els were examined to calculate differences and correlation

coefficients. Fig. 3 shows the correlation ratio of regres-

sion discriminant functions representing the ability to dis- shows correlation ratio against pixel dimension calcu-

criminate six damage ranks against the pixel dimension lated from window size. Window size increased from

calculated from the size of the speckle reduction filter. In 3 × 3, so the correlation ratio increased, reaching a limit

this figure, a larger correlation ratio means better discrim- at around 13 × 13 pixels. This was also found for data

inant ability of damage ranks. The relationship between sets in the Hanshin area before and after the Kobe earth-

pixel dimension and correlation ratio is slightly compli- quake [10]. The reasons why the correlation ratio in-

cated because as the size of the filter increases, the corre- creases includes the fact that damaged building groups

lation ratio decreases, but turns upward at 15 × 15 pixels. spread to some extent and, in addition, backscattering of

The correlation ratio obtained when the filter size is in- each damaged building has a spatial extent. Interestingly,

creased to the largest one of 41 × 41 pixels is almost the although the pixel size of SAR images in the Hanshin

same as that obtained without any filter, however, so it area and Pisco are different, the window size at which

was determined that no filter would be used in this study. the correlation ratio reached a limit was the same, i.e.,

The influence of window size on the accuracy of dis- at around 13 × 13 pixels. Although this is considered to

crimination was examined next. The correlation ratio arise from complex factors such as the fact that different

of regression discriminant functions was calculated us- damage situations are involved, the detail remains a chal-

ing varying window size from 3 × 3 to 51 × 51 pixels to lenge to be addressed. It should be noted that although

calculate differences and correlation coefficients. Fig. 4 the correlation ratio reached a maximum in Fig. 4 when

Matsuoka, M. and Estrada, M.

score ZRp .

Fig. 5. Relationship between differences in backscattering lihood function of data in PALSAR intensity imagery.

coefficients and correlation coefficients for damage ranks.

Damage Rank Average of ZRp Standard Deviation

C1 -1.470 0.323

21 × 21 pixels were used, the value is almost the same as C2 -1.355 0.291

that for 13 × 13 pixels. A larger window size, however,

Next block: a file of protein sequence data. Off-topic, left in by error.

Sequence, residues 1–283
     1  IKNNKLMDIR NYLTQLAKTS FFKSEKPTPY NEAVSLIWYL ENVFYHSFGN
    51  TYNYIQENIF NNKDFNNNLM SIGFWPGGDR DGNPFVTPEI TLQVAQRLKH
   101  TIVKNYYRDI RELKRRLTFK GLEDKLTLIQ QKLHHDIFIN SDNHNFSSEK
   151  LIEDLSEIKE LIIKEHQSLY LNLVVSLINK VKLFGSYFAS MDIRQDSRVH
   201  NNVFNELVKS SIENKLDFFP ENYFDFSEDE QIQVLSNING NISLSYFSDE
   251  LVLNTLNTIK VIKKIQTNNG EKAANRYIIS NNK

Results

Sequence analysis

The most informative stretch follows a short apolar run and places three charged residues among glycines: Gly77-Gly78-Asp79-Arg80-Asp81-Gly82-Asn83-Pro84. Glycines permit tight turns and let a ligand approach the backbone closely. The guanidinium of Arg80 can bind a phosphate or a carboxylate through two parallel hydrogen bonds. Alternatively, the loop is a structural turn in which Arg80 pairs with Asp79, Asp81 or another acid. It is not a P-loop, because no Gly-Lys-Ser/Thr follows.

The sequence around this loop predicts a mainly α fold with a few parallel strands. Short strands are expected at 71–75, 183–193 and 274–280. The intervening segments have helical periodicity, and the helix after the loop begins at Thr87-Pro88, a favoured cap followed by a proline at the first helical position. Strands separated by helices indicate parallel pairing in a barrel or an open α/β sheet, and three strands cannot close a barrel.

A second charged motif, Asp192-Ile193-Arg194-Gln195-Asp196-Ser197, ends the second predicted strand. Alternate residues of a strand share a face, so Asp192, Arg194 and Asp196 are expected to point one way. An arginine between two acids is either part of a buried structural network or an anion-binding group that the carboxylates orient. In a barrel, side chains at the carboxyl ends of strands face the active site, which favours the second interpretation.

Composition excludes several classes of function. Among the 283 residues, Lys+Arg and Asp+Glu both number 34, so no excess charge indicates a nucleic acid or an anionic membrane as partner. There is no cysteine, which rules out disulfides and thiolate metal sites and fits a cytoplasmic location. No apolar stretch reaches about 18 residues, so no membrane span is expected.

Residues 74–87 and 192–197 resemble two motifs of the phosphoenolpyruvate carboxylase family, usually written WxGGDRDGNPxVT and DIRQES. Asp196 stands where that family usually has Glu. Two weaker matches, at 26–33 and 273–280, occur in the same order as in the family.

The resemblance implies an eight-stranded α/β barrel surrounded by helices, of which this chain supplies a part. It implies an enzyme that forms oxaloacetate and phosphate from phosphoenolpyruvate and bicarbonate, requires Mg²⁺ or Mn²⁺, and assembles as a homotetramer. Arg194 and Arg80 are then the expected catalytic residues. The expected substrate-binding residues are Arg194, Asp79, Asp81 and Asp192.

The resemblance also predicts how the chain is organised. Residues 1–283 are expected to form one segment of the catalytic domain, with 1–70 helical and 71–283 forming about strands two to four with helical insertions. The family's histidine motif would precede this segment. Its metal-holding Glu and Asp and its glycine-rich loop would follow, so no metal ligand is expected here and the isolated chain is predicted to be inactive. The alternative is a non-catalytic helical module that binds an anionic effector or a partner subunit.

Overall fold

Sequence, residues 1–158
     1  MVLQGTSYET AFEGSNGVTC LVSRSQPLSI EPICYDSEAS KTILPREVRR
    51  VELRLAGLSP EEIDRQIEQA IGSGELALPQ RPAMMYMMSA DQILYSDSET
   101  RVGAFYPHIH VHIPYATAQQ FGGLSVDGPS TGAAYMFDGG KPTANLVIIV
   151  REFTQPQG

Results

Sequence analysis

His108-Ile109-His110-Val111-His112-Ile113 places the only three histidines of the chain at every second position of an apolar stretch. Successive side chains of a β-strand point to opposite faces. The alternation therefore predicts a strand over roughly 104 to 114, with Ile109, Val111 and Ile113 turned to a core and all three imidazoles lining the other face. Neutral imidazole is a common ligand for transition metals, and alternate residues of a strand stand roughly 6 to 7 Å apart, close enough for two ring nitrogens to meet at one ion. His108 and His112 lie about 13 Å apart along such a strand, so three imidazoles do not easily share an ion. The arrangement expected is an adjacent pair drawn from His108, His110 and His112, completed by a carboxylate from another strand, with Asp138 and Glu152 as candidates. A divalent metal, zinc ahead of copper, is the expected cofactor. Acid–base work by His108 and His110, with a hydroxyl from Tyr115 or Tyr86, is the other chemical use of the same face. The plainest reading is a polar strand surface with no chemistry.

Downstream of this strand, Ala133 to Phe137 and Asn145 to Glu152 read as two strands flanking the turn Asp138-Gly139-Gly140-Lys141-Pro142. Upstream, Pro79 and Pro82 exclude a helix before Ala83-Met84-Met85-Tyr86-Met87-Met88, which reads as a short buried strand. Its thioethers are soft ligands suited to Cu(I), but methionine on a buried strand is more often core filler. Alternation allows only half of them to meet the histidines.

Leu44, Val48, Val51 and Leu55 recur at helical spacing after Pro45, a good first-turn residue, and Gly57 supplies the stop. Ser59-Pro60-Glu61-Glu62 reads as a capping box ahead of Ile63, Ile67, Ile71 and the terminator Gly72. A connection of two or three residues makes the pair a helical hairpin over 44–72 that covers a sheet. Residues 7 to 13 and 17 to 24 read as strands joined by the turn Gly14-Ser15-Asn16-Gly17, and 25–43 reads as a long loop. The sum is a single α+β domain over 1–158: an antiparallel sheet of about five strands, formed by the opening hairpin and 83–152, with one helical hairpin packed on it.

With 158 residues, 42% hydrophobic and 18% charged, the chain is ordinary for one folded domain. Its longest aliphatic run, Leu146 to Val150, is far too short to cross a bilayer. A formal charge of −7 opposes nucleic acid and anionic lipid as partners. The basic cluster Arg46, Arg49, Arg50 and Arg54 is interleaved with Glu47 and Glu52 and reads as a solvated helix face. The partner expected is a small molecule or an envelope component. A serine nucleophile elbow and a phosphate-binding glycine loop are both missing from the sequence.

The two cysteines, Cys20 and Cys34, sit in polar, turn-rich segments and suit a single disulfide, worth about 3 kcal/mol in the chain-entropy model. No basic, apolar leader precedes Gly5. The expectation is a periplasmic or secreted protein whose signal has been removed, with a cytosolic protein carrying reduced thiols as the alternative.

C3 -1.332 0.281

does not offer the capability for detecting small spatial

changes within a window, so we decided in our study to C4 -1.200 0.331

use a 13 × 13 pixel window, which was also used in the C5 -1.052 0.415

previous study. C6 -0.887 0.484

tion and Likelihood Function means the probability of being in each damage rank when

To calculate difference d and correlation coefficient r, ZRp is given. Specifically, the frequency distribution of

a window size of 13 × 13 pixels was adopted as the opti- ZRp of 800 randomly extracted pixels from each damage

mum size to interpret damage in Pisco based on the anal- rank is modeled as a normal distribution. Fig. 6 shows

ysis of data sets, and no speckle reduction filter was used. normal distribution models (likelihood function). Table 2

Fig. 5 shows a scatter diagram by damage rank. The re- shows average values and standard deviations of ZRp for

gression discriminant function calculated from the two in- individual damage ranks. The higher the damage rank,

dices is shown in Eq. (3): the larger the discriminant score ZRp . Because distribu-

tion curves of some damage ranks cross in regions with

ZRp = −0.089 d − 2.576 r . . . . . . . . (3)

low discriminant scores, however, discrimination in areas

where ZRp represents the discriminant score derived from with low damage ranks is not possible. Fig. 7 shows nor-

PALSAR imagery. While coefficients of d and r in dis- malized likelihood functions in which the sum of the like-

criminant score ZR j derived from JERS-1/SAR imagery lihood of all damage ranks in Fig. 6 becomes 1.0. For re-

of the Kobe earthquake were −1.277 and −2.729, re- gions where ZRp is −2.2 or less, a constant value obtained

spectively [13], coefficients derived here from PALSAR by extrapolating the value at ZRp = −2.2 is used in order

imagery of Pisco were −0.089 and −2.576. These coeffi- to avoid reversing the sequence of the severe damage ra-

cients indicate the degree of influence of d or r on the dis- tio caused by distribution curves crossing. Average values

criminant score. Comparison between the Hanshin area and standard deviation of the estimated severe damage ra-